American media has once again latched onto the latest series of tweets from President Donald Trump. Most of these tweets are actually retweets centred around a user calling himself Trumpism 5.0. While American media is consumed by the never-ending spats between Donald Trump and Hillary Clinton, many Canadians noticed that a Canadian National Railway engine was used instead an American one.
— Trumpism 5.0™ (@Team_Trump45) September 17, 2017
The formation of Canada took a different path than the United States of America. After over three decades, the British North America Act was drafted and received royal assent for the Dominion of Canada. This was just over 150 years ago on July 1st, 1867, nearly 91 years after the United States declared its independence and just two years after the end of the American Civil War.
Central to nation building was the most exciting technology of the time, the railroad. The trans-Canada railway was the first major project of the government and our first Prime Minister John A. Macdonald referred to it as the “National Dream”. Over the decades that followed, several transcontinental railways were built and Canada grew with them. With a past so embedded, the rail system remains part of our collective identity.
The American mythos often centres around its battles. George Washington’s crossing of the Delaware River and his capture of the Hessian forces with very few losses was an event that solidified Washington’s position as a leader. The battle is the focus of poems, re-enactments and historical landmarks. It has also resulted in this famous painting.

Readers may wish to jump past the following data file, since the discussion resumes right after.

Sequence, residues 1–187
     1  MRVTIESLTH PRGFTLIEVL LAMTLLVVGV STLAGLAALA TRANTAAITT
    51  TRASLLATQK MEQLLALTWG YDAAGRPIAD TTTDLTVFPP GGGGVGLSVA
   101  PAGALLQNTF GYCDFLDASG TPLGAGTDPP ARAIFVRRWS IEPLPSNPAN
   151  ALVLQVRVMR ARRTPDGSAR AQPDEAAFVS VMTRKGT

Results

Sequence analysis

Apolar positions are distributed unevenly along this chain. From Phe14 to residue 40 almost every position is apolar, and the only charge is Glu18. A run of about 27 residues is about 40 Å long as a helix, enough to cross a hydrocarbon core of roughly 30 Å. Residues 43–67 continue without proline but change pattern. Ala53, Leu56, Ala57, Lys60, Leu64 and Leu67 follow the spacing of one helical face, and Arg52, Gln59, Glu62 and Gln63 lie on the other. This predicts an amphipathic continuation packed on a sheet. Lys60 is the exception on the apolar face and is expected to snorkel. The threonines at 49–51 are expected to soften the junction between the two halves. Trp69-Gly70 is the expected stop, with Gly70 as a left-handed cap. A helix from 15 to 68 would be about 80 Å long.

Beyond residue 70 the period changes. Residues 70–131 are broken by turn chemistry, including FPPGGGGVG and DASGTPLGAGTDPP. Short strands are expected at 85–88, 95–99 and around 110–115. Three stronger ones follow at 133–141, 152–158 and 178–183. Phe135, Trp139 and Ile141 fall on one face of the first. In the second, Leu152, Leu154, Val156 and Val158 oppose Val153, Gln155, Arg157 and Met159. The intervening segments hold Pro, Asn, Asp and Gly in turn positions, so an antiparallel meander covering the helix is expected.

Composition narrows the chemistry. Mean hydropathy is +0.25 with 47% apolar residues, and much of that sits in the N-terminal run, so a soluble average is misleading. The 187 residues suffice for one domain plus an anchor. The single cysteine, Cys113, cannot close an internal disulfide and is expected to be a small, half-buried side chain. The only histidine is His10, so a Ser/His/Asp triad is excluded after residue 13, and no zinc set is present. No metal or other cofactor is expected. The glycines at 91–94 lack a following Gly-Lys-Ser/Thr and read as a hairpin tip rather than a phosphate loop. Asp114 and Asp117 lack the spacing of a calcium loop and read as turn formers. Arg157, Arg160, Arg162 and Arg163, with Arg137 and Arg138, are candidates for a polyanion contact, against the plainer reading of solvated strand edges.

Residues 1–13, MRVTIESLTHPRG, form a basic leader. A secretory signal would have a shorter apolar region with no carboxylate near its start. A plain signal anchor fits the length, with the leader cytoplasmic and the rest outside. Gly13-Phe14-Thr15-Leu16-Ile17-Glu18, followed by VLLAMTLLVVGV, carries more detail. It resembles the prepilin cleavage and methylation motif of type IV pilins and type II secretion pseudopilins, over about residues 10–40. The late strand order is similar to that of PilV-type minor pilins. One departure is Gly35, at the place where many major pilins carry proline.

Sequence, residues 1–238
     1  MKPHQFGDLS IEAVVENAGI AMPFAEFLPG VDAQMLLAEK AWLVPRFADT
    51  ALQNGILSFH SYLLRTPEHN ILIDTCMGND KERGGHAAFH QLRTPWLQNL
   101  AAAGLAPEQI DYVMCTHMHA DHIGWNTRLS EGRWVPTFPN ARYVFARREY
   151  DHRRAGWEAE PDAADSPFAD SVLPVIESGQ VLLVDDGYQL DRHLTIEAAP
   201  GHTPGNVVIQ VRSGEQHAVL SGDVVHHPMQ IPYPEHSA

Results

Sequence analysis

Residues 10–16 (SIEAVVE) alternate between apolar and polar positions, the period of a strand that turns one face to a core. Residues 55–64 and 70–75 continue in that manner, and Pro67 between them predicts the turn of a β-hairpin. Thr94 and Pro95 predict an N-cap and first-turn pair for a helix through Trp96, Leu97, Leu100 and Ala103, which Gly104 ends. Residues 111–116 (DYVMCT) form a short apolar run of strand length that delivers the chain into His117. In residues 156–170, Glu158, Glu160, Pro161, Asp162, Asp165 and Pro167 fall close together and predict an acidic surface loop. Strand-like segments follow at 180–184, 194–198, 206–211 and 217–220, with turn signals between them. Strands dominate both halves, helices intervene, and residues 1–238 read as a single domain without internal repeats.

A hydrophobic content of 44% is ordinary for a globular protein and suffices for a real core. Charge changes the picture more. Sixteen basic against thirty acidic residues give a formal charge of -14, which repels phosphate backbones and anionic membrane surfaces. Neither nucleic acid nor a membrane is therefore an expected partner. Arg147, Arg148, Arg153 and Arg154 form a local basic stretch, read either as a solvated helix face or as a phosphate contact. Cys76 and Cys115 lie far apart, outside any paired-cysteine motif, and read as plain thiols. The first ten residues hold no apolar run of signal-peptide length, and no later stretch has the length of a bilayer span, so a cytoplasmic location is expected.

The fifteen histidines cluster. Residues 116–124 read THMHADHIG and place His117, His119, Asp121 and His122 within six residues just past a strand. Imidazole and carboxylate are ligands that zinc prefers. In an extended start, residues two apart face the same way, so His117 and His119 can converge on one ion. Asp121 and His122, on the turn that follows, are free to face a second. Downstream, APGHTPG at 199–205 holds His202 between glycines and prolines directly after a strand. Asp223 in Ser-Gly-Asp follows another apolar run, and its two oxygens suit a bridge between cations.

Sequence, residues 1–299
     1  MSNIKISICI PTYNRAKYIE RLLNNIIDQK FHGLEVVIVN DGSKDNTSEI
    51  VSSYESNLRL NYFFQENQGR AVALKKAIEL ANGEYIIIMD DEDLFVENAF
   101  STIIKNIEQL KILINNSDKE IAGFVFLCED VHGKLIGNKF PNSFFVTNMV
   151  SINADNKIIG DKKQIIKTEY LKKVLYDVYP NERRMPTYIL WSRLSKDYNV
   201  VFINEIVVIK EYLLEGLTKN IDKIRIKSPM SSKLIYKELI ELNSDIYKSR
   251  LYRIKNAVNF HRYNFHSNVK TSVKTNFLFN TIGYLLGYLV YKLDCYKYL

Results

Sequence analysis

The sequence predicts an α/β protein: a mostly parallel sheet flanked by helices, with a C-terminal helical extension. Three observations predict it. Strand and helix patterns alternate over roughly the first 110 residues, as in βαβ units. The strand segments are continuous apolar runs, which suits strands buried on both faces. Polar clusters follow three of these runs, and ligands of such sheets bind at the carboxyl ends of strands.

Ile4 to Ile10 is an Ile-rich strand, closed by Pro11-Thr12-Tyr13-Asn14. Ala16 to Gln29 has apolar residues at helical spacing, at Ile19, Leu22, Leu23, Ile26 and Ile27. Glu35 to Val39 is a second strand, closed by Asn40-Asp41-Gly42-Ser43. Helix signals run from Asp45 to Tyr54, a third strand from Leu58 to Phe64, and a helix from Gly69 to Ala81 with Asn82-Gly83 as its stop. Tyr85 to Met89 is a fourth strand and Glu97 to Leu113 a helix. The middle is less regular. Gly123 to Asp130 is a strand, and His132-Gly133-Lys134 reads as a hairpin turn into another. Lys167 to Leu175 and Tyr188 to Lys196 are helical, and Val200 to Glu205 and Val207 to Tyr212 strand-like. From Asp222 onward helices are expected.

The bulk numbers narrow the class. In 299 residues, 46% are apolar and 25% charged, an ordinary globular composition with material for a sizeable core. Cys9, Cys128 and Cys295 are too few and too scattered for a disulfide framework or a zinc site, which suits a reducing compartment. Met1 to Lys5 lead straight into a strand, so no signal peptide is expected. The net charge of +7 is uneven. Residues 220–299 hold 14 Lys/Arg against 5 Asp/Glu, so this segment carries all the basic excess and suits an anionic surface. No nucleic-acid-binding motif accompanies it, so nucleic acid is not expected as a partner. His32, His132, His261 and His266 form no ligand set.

The Grand Union Flag
At the time that Washington crossed the Delaware River, the Grand Union flag was being used. The Grant Union flag resembles a British Red Ensign, similar to what Canada used until 1965. It appears to be a compromise during a period of transition. The design made it easy to modify British Red Ensigns by sewing white stripes onto existing flags.
Some sources consider this to be America’s first flag. Many favour the folklore legend of Betsy Ross allegedly sewing the first American flag with stars for the colonies. While the validity of that story and even the participants are in question, the timeline is not.
Many Canadians frequent the ubiquitous coffee, doughnut and sandwich franchise Tim Horton’s. The coffee and doughnut shop was founded in 1964 by Jim Charade and Tim Horton, under the NHL hockey player’s name. The chain quickly grew throughout Canada, managing to adapt to a lunch menu when many competing coffee franchises failed under strict smoking laws.
In 2014, Tim Horton’s and Burger King merged to become the multinational Restaurant Brands International. Initial consumer grumblings over branding changes were quickly silenced when Tim Horton’s produced a number of Nutella-based snacks. However, franchisees have launched a class action lawsuit mostly centring around marketing costs. The company recently launched pre-ordering via an app.
Tim Horton’s coffee and doughnuts permeate Canadian culture in strange ways. Shown here is an autographed Captain Canuck poster where our hero battles baddies in the snow while pursuing his Tim’s coffee and doughnuts.
Back to the CN train wearing a “Make America Great Again” hat. Canada shares a common history with America and our cultures often overlap in strange and bizarre ways. Bizarre is something that our two cultures excel at. I am happy to embrace absurdity, but I had to fix that flag.
The river shown is not the Delaware River but a painting of the Thames River in London, Ontario by James Hilton. It is in the Baldwin Collection at the Toronto Reference Library.